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A

Adjustable-Rate Mortgage (ARM)

A type of mortgage in which the interest rate on the note varies throughout the life of the loan. The interest rate may be fixed for a period of time (i.e. introductory rate) after which the rate adjusts periodically based on an index. When your loan adjusts, monthly payments can go up or down, depending on current rates. Also referred to as a variable-rate mortgage.

Amortization

Your loan repayment process. The Amortization schedule is the amount you pay each month in principal and interest to ensure your loan is repaid by the end of your loan's term.

Annual Percentage Rate (APR)

The APR expresses the cost of the loan on a yearly basis as a percentage.  It includes interest charges as well as points and other costs.

Appraisal

An estimate of your property's fair market value as determined by an independent Appraiser. The valuation is based on a variety of factors, including recent sales in the area and current market conditions. Also referred to as a valuation.

Appreciation

An increase in value, the opposite of depreciation.

B

Balloon Mortgage

A mortgage loan with initially low interest payments, but that requires one large payment due upon maturity (for example, at the end of five or seven years).

Borrower

The person who receives a mortgage with the obligation to repay the loan's principal and interest.

Broker

In real estate, a broker is an individual that passed their broker license exam and can handle property transactions, own a firm and hire agents to work for them.

Buydown

A buydown occurs when one party pays an initial lump sum in exchange for a lower interest rate on the mortgage for a limited introductory period (i.e. 2 or 3 years).

C

Cash Out Refinance

A refinance that allows you to take cash out from your home's equity. You replace your existing mortgage with a new loan for a higher amount, and you get the difference in cash at closing.

Certificate of Eligibility (COE)

A document which verifies your eligibility for a VA loan. You need a Certificate of Eligibility when you apply. Veterans can get a COE by submitting a Separation Paper (Form DD-214) and Request for Certificate of Eligibility (VA Form 1880) to the Department of Veterans Affairs. Active duty military personnel and surviving spouses who qualify can also get COEs.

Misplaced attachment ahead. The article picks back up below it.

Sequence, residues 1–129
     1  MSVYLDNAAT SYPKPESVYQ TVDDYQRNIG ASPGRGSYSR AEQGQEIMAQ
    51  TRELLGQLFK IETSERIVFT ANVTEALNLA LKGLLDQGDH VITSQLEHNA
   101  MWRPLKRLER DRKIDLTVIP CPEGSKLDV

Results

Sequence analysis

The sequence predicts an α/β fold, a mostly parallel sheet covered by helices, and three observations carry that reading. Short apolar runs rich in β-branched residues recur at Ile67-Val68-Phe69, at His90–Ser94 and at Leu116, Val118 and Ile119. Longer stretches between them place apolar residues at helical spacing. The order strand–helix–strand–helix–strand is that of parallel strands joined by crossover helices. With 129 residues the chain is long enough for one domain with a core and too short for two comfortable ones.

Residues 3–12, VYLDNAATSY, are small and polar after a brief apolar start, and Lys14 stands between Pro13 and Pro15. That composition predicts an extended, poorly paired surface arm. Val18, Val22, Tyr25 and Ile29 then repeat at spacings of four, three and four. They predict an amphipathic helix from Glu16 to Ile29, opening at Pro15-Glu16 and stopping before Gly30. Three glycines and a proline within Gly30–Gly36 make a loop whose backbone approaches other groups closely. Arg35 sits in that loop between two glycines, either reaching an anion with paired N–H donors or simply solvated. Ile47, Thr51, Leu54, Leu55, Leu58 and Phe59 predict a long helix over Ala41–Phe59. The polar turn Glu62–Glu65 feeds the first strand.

Closing

The last step of your home purchase or refinance, your closing is where you sign necessary documents and exchange funds. As a home buyer / owner you'll need to attend (in some cases with your representative). Also referred to as a settlement.

Collateral

Property pledged as security for a debt, such as the real estate as security for a mortgage.

Collections

The efforts a mortgage company takes to collect past due payments.

Conventional Loan

A mortgage not insured or guaranteed by a government agency such as the Department of Veteran Affairs (VA), the Federal Housing Administration (FHA), or the Department of Agriculture (USDA).

Convertible ARM

An Adjustable-Rate Mortgage loan that can be converted into a fixed-rate mortgage during a certain time period.

Credit Report

A detailed report of your borrowing and repayment history provided by an independent credit reporting agency.

D

Debt-to-Income Ratio (DTI)

A percentage calculated by dividing your total monthly debt payments (i.e. rent or mortgage payments, other loans, credit cards, etc.) by your total income. Some mortgage solutions require specific debt-to-income ratios for eligibility. Example: Your total debt payments are $1,000 per month and your total income is $4,000 per month, your DTI is $1,000/$4,000 or 25%.

Deed

A legal document under which ownership of a property is conveyed.

Deed-in-Lieu of Foreclosure

The transfer of title from a homeowner to the mortgage company to satisfy the mortgage debt and avoid foreclosure, also called a Deed-in-Lieu of Foreclosure or a voluntary conveyance.